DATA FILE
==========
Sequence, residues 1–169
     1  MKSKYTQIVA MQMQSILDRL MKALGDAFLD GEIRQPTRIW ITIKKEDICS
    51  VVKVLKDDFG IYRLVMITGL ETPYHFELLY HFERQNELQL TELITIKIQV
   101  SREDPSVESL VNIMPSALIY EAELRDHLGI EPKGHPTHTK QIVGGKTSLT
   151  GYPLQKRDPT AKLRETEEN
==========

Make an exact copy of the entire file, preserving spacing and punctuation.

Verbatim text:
Sequence, residues 1–169
     1  MKSKYTQIVA MQMQSILDRL MKALGDAFLD GEIRQPTRIW ITIKKEDICS
    51  VVKVLKDDFG IYRLVMITGL ETPYHFELLY HFERQNELQL TELITIKIQV
   101  SREDPSVESL VNIMPSALIY EAELRDHLGI EPKGHPTHTK QIVGGKTSLT
   151  GYPLQKRDPT AKLRETEEN